Mercurial talents such as Angel di Maria, Memphis and Radamel Falcao just didn’t fit into his system. Until the bitter end he spoke about the club’s failure to get in his transfer targets, the players he wanted and tried to defend his teams lack of cutting edge in the final third. In the end, his excuses fell on deaf ears. He tried to explain himself too much over the two years and his relationship with the media soured over time.

One of the most alluring things about Van Gaal is his personality. He is brash, confident and outspoken because he’s been there, seen it and done it. He’s won trophies in Holland, Spain, Germany and now in England after his FA Cup success. He is an Amsterdammer who believes in himself and his ability as a manager. That provided countless moments in press conferences where awkward silences would be conjured by LVG, all the time glaring at a journalist who dared to question his authority, his team selections or the mentality of his team. He continued that until the end and went at the media time and time again.

His last words to the media as Manchester United’a manager were at Wembley Stadium on Saturday, just as news was breaking from people in that very room that Jose Mourinho was set to take his job from him.

One last time he was bullish, combative and forthright.

Asking questions to Van Gaal over the past few years in crowded press conferences (they were never empty because, well, nobody knew what he would say next) myself and others always felt his eyes latch onto you as he sized you up and decided if you were worthy of an answer. He played the game. He always kept everyone guessing, just like the man he tried to replicate at United, Sir Alex Ferguson, did. His need for control seemed overbearing but he was old school, a former school teacher from Amsterdam who was the heir to Johan Cruyff at Ajax but never got the chance to break through and replace his idol.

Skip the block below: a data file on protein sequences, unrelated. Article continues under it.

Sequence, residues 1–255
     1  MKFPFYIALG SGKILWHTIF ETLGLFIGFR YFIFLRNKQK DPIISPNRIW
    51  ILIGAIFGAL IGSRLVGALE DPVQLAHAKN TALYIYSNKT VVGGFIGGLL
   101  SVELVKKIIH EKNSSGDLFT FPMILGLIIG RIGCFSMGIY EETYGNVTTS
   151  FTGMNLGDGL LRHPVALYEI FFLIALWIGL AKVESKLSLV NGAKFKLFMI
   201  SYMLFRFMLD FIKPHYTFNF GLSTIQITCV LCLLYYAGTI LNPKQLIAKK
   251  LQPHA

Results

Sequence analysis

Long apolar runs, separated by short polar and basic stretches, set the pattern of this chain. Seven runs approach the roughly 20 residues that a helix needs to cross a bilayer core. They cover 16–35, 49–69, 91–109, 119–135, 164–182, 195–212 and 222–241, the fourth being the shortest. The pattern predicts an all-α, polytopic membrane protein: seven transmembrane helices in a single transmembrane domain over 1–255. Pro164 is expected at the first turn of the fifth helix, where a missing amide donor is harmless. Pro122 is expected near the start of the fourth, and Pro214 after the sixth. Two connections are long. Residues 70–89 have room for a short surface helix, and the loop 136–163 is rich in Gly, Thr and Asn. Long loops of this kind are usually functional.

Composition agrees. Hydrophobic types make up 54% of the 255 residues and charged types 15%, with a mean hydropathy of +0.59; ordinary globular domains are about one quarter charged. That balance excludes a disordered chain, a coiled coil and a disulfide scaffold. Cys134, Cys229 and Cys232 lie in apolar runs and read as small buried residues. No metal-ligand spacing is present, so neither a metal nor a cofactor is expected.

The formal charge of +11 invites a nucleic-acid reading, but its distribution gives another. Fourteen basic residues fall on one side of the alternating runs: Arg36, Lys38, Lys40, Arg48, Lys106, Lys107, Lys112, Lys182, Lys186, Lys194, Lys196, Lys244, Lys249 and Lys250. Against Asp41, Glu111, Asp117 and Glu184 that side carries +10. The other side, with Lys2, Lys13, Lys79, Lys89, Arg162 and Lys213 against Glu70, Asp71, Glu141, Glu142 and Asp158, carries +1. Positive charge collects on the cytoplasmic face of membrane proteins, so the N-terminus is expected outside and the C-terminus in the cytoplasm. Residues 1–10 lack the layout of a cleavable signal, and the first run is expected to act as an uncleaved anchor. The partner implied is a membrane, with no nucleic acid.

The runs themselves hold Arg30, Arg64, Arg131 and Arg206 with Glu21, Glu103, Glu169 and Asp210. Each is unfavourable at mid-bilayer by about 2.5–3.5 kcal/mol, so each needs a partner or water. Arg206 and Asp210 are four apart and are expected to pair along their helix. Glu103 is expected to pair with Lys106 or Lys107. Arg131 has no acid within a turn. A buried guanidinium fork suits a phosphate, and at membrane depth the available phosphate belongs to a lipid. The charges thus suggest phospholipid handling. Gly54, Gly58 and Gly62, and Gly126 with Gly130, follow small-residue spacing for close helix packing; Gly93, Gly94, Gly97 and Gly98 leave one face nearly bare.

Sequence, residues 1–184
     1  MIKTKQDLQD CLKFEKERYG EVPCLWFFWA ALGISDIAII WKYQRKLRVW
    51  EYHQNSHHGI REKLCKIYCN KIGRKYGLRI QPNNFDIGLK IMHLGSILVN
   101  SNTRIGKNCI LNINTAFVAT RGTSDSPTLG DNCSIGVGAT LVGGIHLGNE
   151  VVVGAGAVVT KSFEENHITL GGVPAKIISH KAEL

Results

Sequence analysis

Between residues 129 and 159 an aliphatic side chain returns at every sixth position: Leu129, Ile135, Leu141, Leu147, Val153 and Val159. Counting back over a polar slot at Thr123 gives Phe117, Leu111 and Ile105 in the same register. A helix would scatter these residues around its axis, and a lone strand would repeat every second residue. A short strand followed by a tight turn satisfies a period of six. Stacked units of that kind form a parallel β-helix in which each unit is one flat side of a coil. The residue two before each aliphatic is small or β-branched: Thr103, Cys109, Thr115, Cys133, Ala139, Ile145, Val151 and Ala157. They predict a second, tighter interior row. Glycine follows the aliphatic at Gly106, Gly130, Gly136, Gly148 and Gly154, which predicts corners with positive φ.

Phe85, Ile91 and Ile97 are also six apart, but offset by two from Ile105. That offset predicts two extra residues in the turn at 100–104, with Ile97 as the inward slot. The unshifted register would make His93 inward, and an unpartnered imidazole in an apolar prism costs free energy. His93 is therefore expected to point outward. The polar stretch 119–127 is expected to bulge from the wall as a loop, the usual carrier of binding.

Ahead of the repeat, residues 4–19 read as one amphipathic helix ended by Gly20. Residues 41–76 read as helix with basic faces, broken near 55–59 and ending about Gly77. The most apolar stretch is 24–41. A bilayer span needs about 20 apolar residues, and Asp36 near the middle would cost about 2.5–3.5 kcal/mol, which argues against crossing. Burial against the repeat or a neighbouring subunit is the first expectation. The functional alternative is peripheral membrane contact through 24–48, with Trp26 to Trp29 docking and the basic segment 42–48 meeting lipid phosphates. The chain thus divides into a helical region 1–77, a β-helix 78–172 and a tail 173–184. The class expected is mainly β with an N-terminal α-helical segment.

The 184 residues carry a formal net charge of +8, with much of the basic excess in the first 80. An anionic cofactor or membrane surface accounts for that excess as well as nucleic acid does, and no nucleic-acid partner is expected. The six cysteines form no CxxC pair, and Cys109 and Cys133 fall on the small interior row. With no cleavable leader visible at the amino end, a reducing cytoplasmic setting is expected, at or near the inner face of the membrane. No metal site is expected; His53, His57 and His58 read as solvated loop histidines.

If his playing career wasn’t anything special, his career as a coach has been. He built a dynasty at Ajax, won major trophies with huge clubs and led the Netherlands to the World Cup semifinals in 2014 with a team that excited the fans. His time with Manchester United will live long in the memory despite two seasons of mediocrity for a club of their size. Fourth-place and fifth-place Premier League finishes will not be celebrated in 10 years to come by United’s fans but they’ll be sat having a pint in a pub saying “do you remember when Van Gaal…”

His legacy won’t be glorious among United’s fans but it will be memorable. Van Gaal’s legend lives on as intrigue and mystique remain as he saunters out of the exit door at Old Trafford.

LONDON, ENGLAND - MAY 21: Louis van Gaal Manager of Manchester United salutes the fans after winning The Emirates FA Cup Final match between Manchester United and Crystal Palace at Wembley Stadium on May 21, 2016 in London, England. Man Utd won 2-1 after extra time. (Photo by Paul Gilham/Getty Images)
(Photo by Paul Gilham/Getty Images)

 

Liverpool sign goalkeeper Loris Karius. What is he all about?

MEYRIN, SWITZERLAND - JULY 22:   Loris Karius of 1. FSV Mainz 05 in action during the pre-season friendly match between 1. FSV Mainz 05 and AS Monaco at Stade des Arberes on July 22, 2015 in Meyrin, Switzerland.  (Photo by Harold Cunningham/Getty Images)
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Liverpool have announced the signing of German goalkeeper Loris Karius, 22, from Mainz 05.

[ MORE: Mourinho in talks with United ]   

The former Manchester City academy product has excelled in the Bundesliga over the past four years, keeping 19 clean sheets in 67 games over the past two campaigns as he became the starting goalkeeper for Mainz, the team Jurgen Klopp used to play for and manage.

In a statement on the club’s website, Liverpool announced that Karius will become their player on July 1 and reports claim the transfer fee is $7.5 million for the Germany U-21 international.

[ MORE: Premier League money table 2015-16 ]

Speaking after signing a five-year deal at Anfield, Karius is delighted to arrive in the Premier League.